Salt bargeEach year, Exportadora de Sal produces almost 7.5 million metric tons of salt of various grades. 60% of the output of industrial salt (for use in pulp and paper, and chemical industries) is exported to Japan. The company also exports salt to many other countries including USA, Canada, Korea, Taiwan and New Zealand. Almost all the 100,000 metric tons of table salt produced each year is sold on the domestic Mexican market or elsewhere in Latin America.

Note: This is an updated version of a post first published here in February 2012.

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Feb 092015
 

Los ninis are young people (aged 15-29) that “ni trabaja, ni estudia” (neither work nor study). They have become the focus of much press attention in the past few years, often accompanied by the phrase “Mexico’s lost generation”.

nini-logo

According to a recent OECD report, “Education at Glance 2015”, two out of every ten Mexicans in the 15-29 age group neither studied nor worked in 2013, the latest year for which there is data. The report found that 22.3% of Mexican in that age category were ninis, a slight decrease compared to 25.0% in 2011. After population increase is taken into account, Mexico has about 200,000 fewer ninis than in 2011.

Mexico’s percentage of ninis is above the average for all 34 OECD member countries, and is the fifth highest among OECD members, after Turkey (31.3%), Greece (28.5 %), Spain (26.8 %) and Italy (26.1 %). Very few of Mexico’s 7.3 million ninis (only 3.8%) are technically “unemployed”; most ninis have not actively sought work and are therefore considered “inactive”.

In Mexico, most ninis are female. For example, in the 20-24 age group, around 10% of males are ninis, compared to 40% of females.

The figure of 7.3 million will no doubt again be disputed by Mexico’s Secretariats of Education (SE) and of Labor and Social Welfare. In 2011, the Secretariats issued a joint rebuttal of the OECD figure, and claimed that 78% of those reported by OECD as ninis were young married women, with children, who dedicated themselves to home-making. The Secretariats emphasized that the figures revealed a gender inequality in access to educational and economic opportunities, linked to cultural patterns where many young women still saw marriage and motherhood as their preferred or only option.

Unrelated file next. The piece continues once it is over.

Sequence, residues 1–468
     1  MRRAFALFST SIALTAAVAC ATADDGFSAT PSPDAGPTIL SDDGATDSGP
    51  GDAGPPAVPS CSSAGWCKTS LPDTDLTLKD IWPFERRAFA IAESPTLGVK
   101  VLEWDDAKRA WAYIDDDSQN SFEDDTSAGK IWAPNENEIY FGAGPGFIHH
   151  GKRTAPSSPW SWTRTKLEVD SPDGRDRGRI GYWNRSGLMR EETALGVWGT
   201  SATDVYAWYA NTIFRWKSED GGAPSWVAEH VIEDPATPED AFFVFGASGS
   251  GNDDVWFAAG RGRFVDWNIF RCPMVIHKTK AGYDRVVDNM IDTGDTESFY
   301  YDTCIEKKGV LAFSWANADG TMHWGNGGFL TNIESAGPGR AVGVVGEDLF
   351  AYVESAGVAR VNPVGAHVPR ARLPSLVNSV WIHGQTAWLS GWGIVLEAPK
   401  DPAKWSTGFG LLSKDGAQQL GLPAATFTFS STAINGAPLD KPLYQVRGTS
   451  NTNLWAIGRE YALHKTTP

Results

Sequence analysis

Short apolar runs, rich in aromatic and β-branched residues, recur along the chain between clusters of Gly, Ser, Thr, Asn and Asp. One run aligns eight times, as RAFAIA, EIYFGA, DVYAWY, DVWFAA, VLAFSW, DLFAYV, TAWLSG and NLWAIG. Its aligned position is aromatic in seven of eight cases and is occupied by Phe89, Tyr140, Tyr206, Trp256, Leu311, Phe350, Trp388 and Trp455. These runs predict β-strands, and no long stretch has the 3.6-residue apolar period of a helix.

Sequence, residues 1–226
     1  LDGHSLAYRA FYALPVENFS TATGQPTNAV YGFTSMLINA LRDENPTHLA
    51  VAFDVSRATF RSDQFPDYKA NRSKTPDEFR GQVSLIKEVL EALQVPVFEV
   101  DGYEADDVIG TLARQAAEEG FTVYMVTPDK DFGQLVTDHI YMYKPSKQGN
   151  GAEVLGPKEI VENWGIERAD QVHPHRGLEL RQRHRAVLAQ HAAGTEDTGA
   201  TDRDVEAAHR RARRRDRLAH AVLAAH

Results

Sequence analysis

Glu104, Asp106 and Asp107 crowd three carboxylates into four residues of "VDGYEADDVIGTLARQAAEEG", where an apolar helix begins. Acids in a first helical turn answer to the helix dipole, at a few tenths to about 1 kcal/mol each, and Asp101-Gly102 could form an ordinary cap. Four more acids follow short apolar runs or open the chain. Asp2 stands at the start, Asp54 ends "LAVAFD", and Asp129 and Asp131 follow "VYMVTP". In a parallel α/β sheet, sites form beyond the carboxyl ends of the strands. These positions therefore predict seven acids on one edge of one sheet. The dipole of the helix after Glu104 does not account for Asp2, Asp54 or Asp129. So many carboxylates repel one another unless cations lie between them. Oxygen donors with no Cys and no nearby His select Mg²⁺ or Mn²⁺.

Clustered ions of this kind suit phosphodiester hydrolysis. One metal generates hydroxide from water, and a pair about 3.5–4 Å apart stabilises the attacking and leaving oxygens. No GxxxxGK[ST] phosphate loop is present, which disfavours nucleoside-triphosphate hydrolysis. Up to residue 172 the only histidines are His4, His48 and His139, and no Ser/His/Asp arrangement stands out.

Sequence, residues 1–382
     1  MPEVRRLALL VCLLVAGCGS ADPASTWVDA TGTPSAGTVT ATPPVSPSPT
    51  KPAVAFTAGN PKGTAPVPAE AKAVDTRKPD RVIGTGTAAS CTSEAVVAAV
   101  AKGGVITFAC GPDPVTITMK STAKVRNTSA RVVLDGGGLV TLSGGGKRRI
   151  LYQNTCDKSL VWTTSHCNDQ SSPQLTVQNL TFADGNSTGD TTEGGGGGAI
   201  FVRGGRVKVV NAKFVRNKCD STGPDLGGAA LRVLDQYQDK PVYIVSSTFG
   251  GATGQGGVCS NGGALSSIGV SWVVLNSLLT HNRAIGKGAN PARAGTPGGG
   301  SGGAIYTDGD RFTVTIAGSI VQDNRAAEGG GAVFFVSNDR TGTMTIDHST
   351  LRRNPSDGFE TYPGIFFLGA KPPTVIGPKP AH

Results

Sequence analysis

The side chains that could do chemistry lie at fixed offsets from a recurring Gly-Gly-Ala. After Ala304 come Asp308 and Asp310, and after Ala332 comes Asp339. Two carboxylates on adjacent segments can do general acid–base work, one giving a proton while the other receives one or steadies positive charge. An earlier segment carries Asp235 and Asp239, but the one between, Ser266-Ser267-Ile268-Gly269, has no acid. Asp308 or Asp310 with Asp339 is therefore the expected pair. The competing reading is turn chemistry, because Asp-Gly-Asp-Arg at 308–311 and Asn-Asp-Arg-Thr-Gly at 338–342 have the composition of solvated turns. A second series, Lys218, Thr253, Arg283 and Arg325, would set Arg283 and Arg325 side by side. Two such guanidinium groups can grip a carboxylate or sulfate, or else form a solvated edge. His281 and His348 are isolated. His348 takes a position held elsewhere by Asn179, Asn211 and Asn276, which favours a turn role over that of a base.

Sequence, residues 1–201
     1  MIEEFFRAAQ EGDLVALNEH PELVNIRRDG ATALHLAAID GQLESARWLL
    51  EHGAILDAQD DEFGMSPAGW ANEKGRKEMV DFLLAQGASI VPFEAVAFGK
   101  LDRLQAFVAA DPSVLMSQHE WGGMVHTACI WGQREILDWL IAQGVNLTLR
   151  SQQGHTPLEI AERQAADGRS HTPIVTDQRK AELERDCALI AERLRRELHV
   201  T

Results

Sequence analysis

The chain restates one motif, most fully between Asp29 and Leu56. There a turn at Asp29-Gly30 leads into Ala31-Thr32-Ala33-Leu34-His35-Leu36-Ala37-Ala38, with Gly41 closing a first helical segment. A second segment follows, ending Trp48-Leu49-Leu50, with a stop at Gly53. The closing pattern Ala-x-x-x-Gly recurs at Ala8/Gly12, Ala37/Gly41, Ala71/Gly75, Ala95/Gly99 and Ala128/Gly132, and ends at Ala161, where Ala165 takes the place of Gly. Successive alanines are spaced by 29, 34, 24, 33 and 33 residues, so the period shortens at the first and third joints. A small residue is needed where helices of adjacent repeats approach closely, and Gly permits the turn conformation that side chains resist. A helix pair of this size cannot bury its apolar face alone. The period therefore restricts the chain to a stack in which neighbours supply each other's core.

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Feb 052015
 

The local authorities in Iztapalapa, in the eastern section of the Mexico City Metropolitan Area, and one of the most interesting locations in Mexico in which to witness Easter celebrations, calculate that around 10,000 homes are in the area are at “high risk” of serious damage due to ground subsidence. Some parts of the city are falling in elevation as the ground contracts by up to 40 cm/yr.

Low-lying Iztapalapa is one of the most densely populated parts of the city, and is also prone to frequent flooding. Experts say that the severe damage evident in many buildings in the area has been occasioned by ground subsidence, due to the excessive volumes of water being pumped out of the subsoil to satisfy the insatiable demand of Mexico City.

In a short 3-minute news video in Spanish that is linked to in this recent article, Lourdes, a local resident offers us a tour of her home, showing us the damages caused by subsidence. She describes how “the crack that started from outside the house has widened every day and is now almost the width of a hand.” The video shows how the walls of her home are separating; the house is clearly in danger of collapse. Lourdes lives in this house with her four children; some rooms are already far too damaged to be safely used by the family.